- a formal expression of opinion or choice, either positive or negative, made by an individual or body of individuals.
- the means by which such expression is made, as a ballot, ticket, etc.
- the right to such expression: to give women the vote.
- the decision reached by voting, as by a majority of ballots cast: The vote was for the resolution.
- a collective expression of will as inferred from a number of votes: the labor vote.
- an expression, as of some judgment: a vote of confidence.
- to express or signify will or choice in a matter, as by casting a ballot: to vote for president.
- to enact, establish, or determine by vote: to vote a proposed bill into law.
- to support by one's vote: to vote the Republican ticket.
- to advocate by or as by one's vote: to vote that the report be accepted.
- to declare or decide by general consent: They voted the trip a success.
- to encourage or cause to vote, especially in a particular way.
Origin of vote
- an indication of choice, opinion, or will on a question, such as the choosing of a candidate, by or as if by some recognized means, such as a ballot10 votes for Jones
- the opinion of a group of persons as determined by votingit was put to the vote; do not take a vote; it came to a vote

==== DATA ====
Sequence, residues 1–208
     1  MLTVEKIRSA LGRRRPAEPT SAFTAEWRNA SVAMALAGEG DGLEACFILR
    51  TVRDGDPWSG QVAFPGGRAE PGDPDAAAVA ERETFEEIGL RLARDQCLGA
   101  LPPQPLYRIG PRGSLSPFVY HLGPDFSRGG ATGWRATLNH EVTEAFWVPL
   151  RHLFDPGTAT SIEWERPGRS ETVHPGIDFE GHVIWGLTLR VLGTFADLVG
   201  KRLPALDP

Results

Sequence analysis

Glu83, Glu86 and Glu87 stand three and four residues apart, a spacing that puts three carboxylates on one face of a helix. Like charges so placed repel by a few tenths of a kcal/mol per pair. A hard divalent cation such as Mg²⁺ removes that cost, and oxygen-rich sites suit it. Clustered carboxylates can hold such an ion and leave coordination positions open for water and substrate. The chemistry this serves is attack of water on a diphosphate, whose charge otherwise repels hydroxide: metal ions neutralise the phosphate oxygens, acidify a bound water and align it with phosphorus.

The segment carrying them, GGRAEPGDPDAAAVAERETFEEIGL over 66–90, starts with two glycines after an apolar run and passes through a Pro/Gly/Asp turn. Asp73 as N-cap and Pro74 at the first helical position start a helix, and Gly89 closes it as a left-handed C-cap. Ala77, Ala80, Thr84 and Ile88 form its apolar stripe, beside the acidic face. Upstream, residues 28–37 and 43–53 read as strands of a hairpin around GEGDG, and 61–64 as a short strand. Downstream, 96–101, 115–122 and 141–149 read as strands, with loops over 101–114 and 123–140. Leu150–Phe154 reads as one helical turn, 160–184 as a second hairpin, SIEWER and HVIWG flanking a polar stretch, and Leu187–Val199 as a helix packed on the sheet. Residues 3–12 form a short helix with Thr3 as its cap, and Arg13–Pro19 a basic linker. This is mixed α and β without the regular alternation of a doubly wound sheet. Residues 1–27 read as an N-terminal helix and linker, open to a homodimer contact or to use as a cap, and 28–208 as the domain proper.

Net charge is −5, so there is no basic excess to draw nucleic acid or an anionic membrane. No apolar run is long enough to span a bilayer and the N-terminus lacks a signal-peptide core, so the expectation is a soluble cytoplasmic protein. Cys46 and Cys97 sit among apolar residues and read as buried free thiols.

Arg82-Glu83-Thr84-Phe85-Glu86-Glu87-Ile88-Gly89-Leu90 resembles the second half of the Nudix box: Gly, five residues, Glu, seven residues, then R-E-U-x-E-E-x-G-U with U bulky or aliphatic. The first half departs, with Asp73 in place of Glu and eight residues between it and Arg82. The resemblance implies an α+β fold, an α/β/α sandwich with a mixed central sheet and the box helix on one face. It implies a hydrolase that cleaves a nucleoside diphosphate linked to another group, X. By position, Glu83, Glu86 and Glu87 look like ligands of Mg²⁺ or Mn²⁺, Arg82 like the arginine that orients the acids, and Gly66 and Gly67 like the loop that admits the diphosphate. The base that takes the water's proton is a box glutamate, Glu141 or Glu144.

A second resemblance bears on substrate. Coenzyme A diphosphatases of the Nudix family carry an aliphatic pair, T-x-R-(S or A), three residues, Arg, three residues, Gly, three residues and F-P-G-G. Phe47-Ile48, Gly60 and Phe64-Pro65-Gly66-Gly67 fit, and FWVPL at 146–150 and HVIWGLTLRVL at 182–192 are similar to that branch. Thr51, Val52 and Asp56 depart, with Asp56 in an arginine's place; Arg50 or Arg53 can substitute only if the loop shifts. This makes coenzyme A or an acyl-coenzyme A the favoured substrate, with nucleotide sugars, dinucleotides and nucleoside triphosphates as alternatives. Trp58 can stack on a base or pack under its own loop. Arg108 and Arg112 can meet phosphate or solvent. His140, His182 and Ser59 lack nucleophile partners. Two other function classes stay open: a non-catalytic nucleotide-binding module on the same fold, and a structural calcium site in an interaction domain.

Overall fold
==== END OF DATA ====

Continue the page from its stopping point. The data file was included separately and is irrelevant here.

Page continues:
- a body of votes or voters collectivelythe Jewish vote
- the total number of votes castthe vote decreased at the last election
- the ticket, ballot, etc, by which a vote is expressed
- the right to vote; franchise; suffrage
- a person regarded as the embodiment of this right
- a means of voting, such as a ballot
- mainly British a grant or other proposition to be voted upon
- (when tr, takes a clause as object or an infinitive) to express or signify (one's preference, opinion, or will) (for or against some question, etc)to vote by ballot; we voted that it was time to adjourn; vote for me!
- (intr) to declare oneself as being (something or in favour of something) by exercising one's voteto vote socialist
- (tr; foll by into or out of, etc) to appoint or elect (a person to or from a particular post)they voted him into the presidency; he was voted out of office
- (tr) to determine the condition of in a specified way by votingthe court voted itself out of existence
- (tr) to authorize, confer, or allow by votingvote us a rise
- (tr) informal to declare by common opinionthe party was voted a failure
- (tr) to influence or control the voting ofdo not try to vote us!
Word Origin for vote
1550s in the modern sense; see vote (n.). Earlier it meant "to vow" to do something (1530s). Related: Voted; voting.
mid-15c., from Latin votum "a vow, wish, promise, dedication," noun use of neuter of votus, past participle of vovere "to promise, dedicate" (see vow).